BioPharma, Pharma

Regeneron Acquires Cancer Drug Pipeline, Creates New Cell Therapy Division

Regeneron Pharmaceuticals is paying $5 million up front for 2seventy bio’s cancer drug pipeline. 2seventy will now focus on a cell therapy commercialized with partner Bristol Myers Squibb while Regeneron adds assets for its newly formed cell therapy division.

Regeneron Pharmaceuticals

Regeneron Pharmaceuticals is building a presence in the cell therapy field through dealmaking, its latest move the acquisition of a 2seventy bio pipeline that includes potential treatments for blood cancers and solid tumors.

Heading to Regeneron are the rights to eight preclinical and early clinical 2seventy programs along with infrastructure that supported them. The new assets will become part of a new R&D unit called Regeneron Cell Medicines, which is focused on developing cell therapies for cancer and immunology.

The deal terms announced Tuesday call for Regeneron to pay $5 million up front. It comes a little more than two years after 2seventy spun out of Bluebird Bio, capitalized with $442 million.

Regeneron and Bluebird have a prior cell therapy relationship. In 2018, the two companies struck a deal to apply their respective technologies toward the discovery of new cell therapies for cancer. That alliance yielded a CAR T cell therapy for ovarian cancer and a TCR T cell therapy for solid tumors, both programs in preclinical development. The original deal gave Regeneron opt-in rights for co-development and co-commercialization of the partnered programs. Under the collaboration, 2seventy received nearly $20 million from Regeneron in 2022, according to 2seventy’s annual report. The new agreement gives Regeneron full development and commercialization rights of the preclinical and clinical-stage pipeline.

“By integrating 2seventy’s pipeline of cell therapies and their talented team, we are complementing our own expertise and portfolio of innovative immuno-oncology treatments, which will allow for potentially transformative combinations that can really make a difference in patients’ lives,” George Yancopoulos, president and chief scientific officer of Regeneron, said in a prepared statement.

For 2seventy, the sale of its pipeline follows an internal review going back months. Last September, the company implemented a corporate restructuring that left it prioritizing Abecma, the multiple myeloma CAR T-therapy commercialized through a partnership with Bristol Myers Squibb. The partners are working on securing approval of the therapy in earlier lines of multiple myeloma treatment. But the September restructuring led to the layoff of 40% of 2seventy’s staff.

With its cancer pipeline moving to Regeneron, 2seventy will see more personnel changes. The company said 160 workers will transfer to Regeneron, including 2seventy Chief Scientific Officer Philip Gregory and Chief Medical Officer Steve Bernstein. About 14% of the remaining 2seventy staff will be laid off, according to a regulatory filing. Also, Nick Leschly, who stepped away from the chief executive post at Bluebird to lead 2seventy, will leave that company’s top post and become board chair. Chief Financial Officer Chip Baird will become the CEO of a much leaner 2seventy, which will have a headcount of 65. The company projects this restructuring will save $150 million in 2024 and $200 million in 2025, extending its cash runway beyond 2027.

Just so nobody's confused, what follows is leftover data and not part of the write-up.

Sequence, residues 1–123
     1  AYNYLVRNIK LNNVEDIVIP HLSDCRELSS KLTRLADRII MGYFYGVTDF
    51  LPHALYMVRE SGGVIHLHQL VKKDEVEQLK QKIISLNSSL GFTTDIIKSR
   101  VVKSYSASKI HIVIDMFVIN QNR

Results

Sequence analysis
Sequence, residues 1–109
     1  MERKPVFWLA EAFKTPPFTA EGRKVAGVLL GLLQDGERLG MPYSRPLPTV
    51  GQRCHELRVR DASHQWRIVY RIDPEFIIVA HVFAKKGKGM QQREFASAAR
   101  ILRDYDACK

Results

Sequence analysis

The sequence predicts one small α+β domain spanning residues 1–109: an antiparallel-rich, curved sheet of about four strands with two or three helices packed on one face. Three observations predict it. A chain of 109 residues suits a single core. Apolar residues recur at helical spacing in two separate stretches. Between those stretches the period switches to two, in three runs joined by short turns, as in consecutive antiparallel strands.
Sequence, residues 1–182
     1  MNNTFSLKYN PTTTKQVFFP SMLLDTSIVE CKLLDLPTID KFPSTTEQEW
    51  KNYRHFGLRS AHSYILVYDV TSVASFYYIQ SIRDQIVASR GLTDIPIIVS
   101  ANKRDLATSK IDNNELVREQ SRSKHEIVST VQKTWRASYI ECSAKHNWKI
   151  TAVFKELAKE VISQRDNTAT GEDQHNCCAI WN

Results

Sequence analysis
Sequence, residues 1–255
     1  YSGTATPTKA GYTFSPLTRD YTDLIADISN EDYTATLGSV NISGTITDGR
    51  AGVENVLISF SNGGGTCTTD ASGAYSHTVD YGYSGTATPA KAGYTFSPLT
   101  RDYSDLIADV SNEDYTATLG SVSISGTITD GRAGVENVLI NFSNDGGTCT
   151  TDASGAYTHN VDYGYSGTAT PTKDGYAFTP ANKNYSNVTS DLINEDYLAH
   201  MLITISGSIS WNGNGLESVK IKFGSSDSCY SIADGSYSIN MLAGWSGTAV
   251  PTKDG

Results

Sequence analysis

[Update: The following three paragraphs added with analyst comment.] In note sent to investors Wednesday, Leerink Partners analyst Daina Graybosch wrote that the acquisition is the best case scenario for 2seventy. The oncology pipeline will benefit from Regeneron leadership focused on these assets and technology platforms without distraction of commercial-stage Abecma, which has little synergy with early-stage R&D.

Graybosch added that the deal provides a way for 2seventy to show investors and potential acquirers a cleaner picture of its value. Some upcoming events could help fill out that picture. The FDA has asked for an advisory committee meeting to weigh in on Abecma’s use in earlier lines of treatment. An affirmative vote could pave the way for a label expansion. But Graybosch added that 2seventy’s arc has readthrough to the broader cell therapy industry, reflecting a lack of value placed by public market investors on cell therapy platforms.

“While investors have long been more willing to value clinical assets, we believe market pessimism has increased in regard to platforms and early-phase assets,” Graybosch said. “Perhaps this is a consequence of an abundance of riches muddying the waters. In cell therapy, companies can rapidly engineer at unprecedented levels for biopharma, with more ideas than patients on which to test the products.”

Regeneron and 2seventy expect to complete transfer of the cell therapy pipeline in the first half of 2024. It marks the Regeneron’s second cell therapy deal of the past year. Last March, Regeneron paid $75 million up front to begin an R&D alliance with Sonoma Biotherapeutics, a startup developing autoimmune disease cell therapies based on regulatory T cells, or Tregs. Crohn’s disease and ulcerative colitis are the initial targets of this alliance.

Regeneron will sublease 2seventy’s Seattle facility as well as a portion of 2seventy’s Cambridge, Massachusetts site. Regeneron owes 2seventy a $10 million milestone payment upon the first regulatory approval from the acquired pipeline in a major market, according to a regulatory filing. Regeneron is also responsible for paying 2seventy royalties from sales of any approved products.

Photo: Michael Nagle/Bloomberg, via Getty Images